Since you don’t have standing to address it, I’d say sit back and enjoy the entertainment of having a colleague who talks like a toddler and an office full of coworkers straight out of the Emperor’s New Clothes. (That doesn’t mean that you can’t call it out when it happens in a one-on-one conversation with you, though. There’s no reason you can’t say dryly, “I think you mean a mistake” when she refers to an “uh-oh” or so forth.)

3. Our annual evaluations want to rate our “boldness”

I’ve worked for company for five years. Each year they change the annual evaluation procedure, usually adding questions about goals we never set or new objectives or values we’ve never discussed before. Here are some of the ways I’ve been asked to evaluate myself this year:

“You stand tall in the face of adversity, are willing to voice an opinion and are firm in upholding company values. Rate how you have achieved your accomplishments by being bold.”

The other questions ask me to rate how I achieved my accomplishments by being innovative, collaborative, ethical, and disciplined. While none of these are bad goals, how am I supposed to describe the same accomplishments over and over from these different goal posts?

But “bold”? What does this even mean?! I’ve asked our HR rep, who kinda shrugged and said just go with it. What sort of response are they expecting? How on earth is this supposed to determine my value to the company? Are these sort of inane questions worth anything to anyone?

Is “boldness” by chance one of your company’s professed core values? It’s not uncommon for companies to assess people on how they match up with the company’s values — but “bold” is one that really needs more definition and discussion. And if the values are all like the ones you named, I’d rather see broader instructions like “in discussing your achievements, feel free to highlight ways in which you’ve especially lived our values of XYZ.” And really, evaluations should be primarily focused on the extent to which you achieved you goals. If you were unethical, undisciplined, or too cautious in pursuing them, we’re going to talk about that, but there’s not a ton of pay-off in forcing everyone to write about how ethics or discipline or boldness helped them hit their targets. (And the fact that your HR person didn’t have a real answer for you is evidence of that.)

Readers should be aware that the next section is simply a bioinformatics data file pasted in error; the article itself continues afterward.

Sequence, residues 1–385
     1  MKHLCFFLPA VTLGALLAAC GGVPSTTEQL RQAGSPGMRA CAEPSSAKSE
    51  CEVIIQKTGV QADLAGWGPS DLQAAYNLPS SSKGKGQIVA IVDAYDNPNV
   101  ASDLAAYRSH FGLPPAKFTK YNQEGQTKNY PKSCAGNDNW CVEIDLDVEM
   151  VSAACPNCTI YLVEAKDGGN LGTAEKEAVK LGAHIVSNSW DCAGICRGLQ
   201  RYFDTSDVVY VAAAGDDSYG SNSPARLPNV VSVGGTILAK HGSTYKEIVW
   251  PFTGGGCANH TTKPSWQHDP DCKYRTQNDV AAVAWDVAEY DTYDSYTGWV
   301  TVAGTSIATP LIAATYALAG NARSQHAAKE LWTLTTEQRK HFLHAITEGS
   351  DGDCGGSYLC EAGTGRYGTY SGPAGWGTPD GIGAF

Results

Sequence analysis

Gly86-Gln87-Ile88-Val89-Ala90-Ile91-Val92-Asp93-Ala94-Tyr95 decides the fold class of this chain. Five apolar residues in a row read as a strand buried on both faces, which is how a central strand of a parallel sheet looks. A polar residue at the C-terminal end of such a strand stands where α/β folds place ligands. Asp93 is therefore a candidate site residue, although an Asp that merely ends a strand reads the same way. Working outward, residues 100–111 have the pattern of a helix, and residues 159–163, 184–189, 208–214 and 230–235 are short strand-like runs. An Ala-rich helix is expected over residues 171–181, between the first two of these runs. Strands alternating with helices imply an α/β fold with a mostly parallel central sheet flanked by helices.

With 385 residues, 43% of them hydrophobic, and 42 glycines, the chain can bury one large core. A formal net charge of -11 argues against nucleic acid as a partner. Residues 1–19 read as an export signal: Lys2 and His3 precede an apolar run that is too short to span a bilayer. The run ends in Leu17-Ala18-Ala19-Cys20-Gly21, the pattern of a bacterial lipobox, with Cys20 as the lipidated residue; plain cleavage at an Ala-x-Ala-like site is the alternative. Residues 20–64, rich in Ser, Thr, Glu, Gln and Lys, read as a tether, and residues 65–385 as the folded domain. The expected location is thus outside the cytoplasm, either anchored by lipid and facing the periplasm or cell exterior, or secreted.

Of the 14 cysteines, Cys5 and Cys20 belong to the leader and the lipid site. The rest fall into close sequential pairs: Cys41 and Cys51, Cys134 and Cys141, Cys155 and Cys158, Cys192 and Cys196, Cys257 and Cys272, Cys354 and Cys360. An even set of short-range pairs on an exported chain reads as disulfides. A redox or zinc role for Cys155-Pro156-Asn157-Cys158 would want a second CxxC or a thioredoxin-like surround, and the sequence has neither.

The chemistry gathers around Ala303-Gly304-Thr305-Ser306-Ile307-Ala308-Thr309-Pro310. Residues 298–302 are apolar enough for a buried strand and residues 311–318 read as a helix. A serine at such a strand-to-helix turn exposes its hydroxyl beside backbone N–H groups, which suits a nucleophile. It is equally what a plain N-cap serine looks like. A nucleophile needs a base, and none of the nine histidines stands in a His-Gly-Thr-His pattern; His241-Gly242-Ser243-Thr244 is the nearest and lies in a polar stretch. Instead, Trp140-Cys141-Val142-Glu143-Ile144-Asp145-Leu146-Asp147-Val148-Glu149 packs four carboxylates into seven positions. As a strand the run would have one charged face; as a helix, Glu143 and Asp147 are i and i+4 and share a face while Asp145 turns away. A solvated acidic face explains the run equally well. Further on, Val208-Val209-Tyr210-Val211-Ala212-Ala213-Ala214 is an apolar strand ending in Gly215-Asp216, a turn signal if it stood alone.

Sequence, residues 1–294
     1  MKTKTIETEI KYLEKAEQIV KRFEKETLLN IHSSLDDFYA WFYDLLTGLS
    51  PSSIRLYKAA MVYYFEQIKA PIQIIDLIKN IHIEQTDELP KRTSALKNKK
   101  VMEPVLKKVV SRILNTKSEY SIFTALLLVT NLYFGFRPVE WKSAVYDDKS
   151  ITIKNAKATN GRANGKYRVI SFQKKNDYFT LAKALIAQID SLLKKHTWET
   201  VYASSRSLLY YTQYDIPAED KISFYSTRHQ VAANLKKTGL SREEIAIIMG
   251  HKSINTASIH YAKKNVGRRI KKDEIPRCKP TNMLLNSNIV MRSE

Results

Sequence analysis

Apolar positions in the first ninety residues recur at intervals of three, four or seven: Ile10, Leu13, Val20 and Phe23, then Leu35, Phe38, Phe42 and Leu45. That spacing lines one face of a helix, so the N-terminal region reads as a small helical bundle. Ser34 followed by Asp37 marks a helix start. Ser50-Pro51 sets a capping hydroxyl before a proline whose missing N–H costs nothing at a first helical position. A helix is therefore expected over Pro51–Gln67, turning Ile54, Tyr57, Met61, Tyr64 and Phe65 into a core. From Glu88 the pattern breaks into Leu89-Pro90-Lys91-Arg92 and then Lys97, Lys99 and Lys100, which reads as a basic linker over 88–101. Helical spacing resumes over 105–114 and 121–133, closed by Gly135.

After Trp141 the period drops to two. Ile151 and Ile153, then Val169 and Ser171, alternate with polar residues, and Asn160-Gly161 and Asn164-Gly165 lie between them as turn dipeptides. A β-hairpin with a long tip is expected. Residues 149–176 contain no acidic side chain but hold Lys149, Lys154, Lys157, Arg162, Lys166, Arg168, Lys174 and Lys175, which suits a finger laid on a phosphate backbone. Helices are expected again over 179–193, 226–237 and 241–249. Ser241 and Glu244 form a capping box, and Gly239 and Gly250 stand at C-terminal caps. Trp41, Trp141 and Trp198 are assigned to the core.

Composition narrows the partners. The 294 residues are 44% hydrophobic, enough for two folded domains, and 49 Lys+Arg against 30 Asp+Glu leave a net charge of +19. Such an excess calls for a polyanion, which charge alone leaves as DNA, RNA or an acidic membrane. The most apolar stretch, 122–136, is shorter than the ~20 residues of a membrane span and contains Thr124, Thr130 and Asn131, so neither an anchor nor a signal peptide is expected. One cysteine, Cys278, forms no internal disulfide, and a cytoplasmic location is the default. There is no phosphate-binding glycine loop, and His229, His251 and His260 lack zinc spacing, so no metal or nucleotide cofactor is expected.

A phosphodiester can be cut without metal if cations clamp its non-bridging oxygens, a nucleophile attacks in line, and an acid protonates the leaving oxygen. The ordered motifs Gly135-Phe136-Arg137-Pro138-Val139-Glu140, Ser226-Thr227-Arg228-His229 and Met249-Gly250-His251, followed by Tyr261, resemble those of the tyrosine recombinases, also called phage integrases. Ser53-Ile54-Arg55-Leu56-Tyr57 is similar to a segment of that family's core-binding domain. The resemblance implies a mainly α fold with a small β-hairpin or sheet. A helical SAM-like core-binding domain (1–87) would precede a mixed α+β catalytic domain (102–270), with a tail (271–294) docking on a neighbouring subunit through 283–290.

In any case, you don’t need to use different accomplishments for each of these questions. You can use the same accomplishments and talk about different aspects of them (for example, if you’re talking about project X, you can talk about the specific ways you collaborated on it in response to the question about collaboration, the discipline you brought to it in response to the question about discipline, and so forth). Don’t use a single accomplishment for everything, but it’s okay if your answers overlap.

4. Coworker leaves other colleagues out of the loop — and looks biased

I’m a few months out of college and on a software development team. A few weeks ago, my team brought in a senior designer, John. The problem is that John keeps leaving people out of meeting invites, thank-yous, and code reviews, and the people he leaves out are coincidentally the minority members of our team. (John thanked a coworker who was out for a week instead of the female lead, who put a lot of time into reviewing his work.)

Anyway, we don’t have a traditional kind of manager, just a project manager who handles assigning work. Right now, I’ve been adding forgotten team members with “hey, looks like you forgot X, so I added them.” Is there anything else I can do? If it’s relevant, John and I are remote, most of the team is in the same office, and I look like a white dude.

What you’re doing is great. Keep doing that.

If you weren’t just a few months out of college and John weren’t in a senior role, I’d say to also call it out more explicitly — as in, “I’ve noticed you keep leaving women and people of color out of your meeting invites, thank-you’s, and code reviews. I’ve been trying to add them in where I spot it, but I’m sure you don’t mean to be doing that so I wanted to flag it for you.” And frankly, you might able to say that now, but given the likely disparity in power and influence, you’d want to adapt based on what you know of the politics in your workplace and your dynamic with John.